Galaxy smartphone maker files for U.S. patent to unlock mobile devices when users touch-and-drag drawings that have at least one intersection point. These diagrams also can be customized to launch specific apps.
Samsung has filed a patent for a new feature that will allow a device to be unlocked by drawing on the screen a figure with at least one intersection point.
According to patent application US20140066017 filed over the weekend with the US Patent & Trademark Office, the Korean smartphone maker wants first dips at a "touch-and-drag operation" to unlock a mobile terminal while the device is in lock mode. The method includes tracking the touch-and-drag trajectory, where one or more intersections occur, to release a lock mode.
That effectively means the feature can be used while the device's display is off, so users don't have to hit the power or home button to turn on the display just to use the feature.
It also doesn't matter what form or shape the figure should take, as long as there's at least one intersection point. What's more, users can customize the drawings to turn on specific apps. For instance, a figure with three intersection points can be configured to turn on the Twitter app when drawn on the screen. A drawing can also be assigned to make or reject a specific call.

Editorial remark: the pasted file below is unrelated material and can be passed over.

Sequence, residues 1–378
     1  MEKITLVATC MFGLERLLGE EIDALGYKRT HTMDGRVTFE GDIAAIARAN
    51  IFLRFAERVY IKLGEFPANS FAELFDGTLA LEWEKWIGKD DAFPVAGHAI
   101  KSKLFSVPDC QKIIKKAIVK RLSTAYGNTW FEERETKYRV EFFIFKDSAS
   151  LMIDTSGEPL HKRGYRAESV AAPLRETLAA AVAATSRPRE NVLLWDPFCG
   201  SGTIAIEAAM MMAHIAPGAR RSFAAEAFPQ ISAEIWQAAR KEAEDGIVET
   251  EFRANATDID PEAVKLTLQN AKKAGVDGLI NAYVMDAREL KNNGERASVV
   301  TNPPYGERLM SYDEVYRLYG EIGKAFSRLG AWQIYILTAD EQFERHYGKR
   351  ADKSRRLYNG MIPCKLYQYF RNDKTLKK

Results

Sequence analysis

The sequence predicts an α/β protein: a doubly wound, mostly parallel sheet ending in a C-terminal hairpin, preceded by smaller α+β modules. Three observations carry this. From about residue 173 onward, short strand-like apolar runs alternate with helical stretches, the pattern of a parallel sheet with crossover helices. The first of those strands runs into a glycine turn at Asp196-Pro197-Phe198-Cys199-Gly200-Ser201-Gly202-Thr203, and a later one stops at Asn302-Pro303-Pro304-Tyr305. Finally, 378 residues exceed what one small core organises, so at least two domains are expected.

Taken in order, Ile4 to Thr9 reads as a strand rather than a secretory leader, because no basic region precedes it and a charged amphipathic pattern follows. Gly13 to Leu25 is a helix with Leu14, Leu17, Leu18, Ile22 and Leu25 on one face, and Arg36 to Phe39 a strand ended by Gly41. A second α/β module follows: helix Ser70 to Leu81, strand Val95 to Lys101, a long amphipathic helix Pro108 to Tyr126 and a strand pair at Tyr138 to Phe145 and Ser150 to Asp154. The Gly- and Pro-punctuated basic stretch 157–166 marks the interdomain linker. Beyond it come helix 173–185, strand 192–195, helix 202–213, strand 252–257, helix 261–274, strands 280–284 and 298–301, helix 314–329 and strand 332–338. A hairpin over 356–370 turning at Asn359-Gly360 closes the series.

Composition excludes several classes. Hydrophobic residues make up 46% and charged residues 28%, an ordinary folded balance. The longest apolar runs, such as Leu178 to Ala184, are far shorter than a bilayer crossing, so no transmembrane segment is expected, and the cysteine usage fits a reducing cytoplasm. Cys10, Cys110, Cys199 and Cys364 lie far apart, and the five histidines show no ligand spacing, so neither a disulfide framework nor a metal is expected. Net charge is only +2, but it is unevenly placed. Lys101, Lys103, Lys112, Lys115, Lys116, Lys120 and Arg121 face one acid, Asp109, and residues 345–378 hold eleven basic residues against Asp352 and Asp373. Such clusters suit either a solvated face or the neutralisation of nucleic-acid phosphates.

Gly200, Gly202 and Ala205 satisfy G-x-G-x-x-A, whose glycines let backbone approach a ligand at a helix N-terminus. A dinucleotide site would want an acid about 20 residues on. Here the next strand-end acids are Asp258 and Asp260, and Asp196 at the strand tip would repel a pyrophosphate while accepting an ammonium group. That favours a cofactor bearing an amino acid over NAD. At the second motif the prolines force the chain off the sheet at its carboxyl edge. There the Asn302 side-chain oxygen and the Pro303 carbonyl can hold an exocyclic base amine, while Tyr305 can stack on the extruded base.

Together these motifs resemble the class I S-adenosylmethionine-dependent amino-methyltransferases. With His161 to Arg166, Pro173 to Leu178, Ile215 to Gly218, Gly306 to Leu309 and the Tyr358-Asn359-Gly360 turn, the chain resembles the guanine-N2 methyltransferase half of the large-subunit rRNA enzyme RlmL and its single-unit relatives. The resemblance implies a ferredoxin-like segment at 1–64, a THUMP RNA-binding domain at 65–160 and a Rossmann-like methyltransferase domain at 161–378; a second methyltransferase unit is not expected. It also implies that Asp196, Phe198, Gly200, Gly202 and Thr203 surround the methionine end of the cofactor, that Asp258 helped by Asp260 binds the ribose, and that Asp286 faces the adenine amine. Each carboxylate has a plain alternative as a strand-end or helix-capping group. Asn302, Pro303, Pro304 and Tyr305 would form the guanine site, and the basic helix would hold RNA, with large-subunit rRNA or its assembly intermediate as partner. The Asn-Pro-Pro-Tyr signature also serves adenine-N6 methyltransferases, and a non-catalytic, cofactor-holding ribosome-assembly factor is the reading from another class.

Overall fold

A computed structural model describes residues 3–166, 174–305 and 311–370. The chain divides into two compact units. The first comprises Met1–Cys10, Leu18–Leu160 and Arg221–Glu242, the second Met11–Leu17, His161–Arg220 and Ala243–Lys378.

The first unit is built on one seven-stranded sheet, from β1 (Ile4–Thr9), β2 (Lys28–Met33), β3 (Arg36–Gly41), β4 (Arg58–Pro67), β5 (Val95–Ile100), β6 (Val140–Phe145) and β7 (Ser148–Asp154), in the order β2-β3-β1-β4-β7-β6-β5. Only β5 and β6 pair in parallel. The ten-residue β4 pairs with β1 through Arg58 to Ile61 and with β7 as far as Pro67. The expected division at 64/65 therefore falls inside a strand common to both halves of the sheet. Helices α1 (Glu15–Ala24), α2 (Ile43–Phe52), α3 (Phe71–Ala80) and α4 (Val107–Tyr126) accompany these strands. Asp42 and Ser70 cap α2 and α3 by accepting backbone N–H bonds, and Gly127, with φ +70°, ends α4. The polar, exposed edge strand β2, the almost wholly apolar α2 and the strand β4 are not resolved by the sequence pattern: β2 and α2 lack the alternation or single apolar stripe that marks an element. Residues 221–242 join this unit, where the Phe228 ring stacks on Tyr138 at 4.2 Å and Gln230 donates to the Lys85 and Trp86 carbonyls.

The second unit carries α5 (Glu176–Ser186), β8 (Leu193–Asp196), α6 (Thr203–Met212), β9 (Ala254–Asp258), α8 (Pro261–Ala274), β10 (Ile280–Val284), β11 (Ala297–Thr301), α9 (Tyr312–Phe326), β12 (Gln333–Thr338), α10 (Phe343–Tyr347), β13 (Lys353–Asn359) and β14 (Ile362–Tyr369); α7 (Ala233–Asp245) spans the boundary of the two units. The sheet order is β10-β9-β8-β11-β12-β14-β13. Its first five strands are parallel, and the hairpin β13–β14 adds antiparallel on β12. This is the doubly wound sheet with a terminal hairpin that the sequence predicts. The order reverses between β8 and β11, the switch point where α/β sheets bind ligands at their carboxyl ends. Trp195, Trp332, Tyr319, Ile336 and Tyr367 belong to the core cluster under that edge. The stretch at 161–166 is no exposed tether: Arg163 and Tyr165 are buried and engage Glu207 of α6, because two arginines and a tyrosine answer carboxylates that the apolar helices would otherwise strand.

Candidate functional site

The patent application stated: "The hot key function includes various applications or functions that are provided by the mobile terminal, and a specific application or function corresponding to the number of intersections is executed. The specific application or function includes a camera, a phone number list, a message, a call, and various applications or functions that are provided by the mobile terminal.
"The user may freely touch a touchscreen since there is no limitation in terms of size, location, and pattern of a touch input, and since a standby screen is displayed or a specific application is quickly executed according to the number of intersections of a closed surface."
Sounds like a pretty neat way to wake your smartphone without having to hit the power button and unlocking it. But I wonder what that means for battery life, since the display screen would have to be ready all the time to receive and execute functions each time the user touches and draws a figure.
Perhaps it operates on the same principles of a battery-assisted passive RFID, which is activated only when triggered by an RFID reader, so the smartphone only needs to power the screen when a finger touches it.
Whatever the case, it sounds like a patent Apple might also be interested in, or not?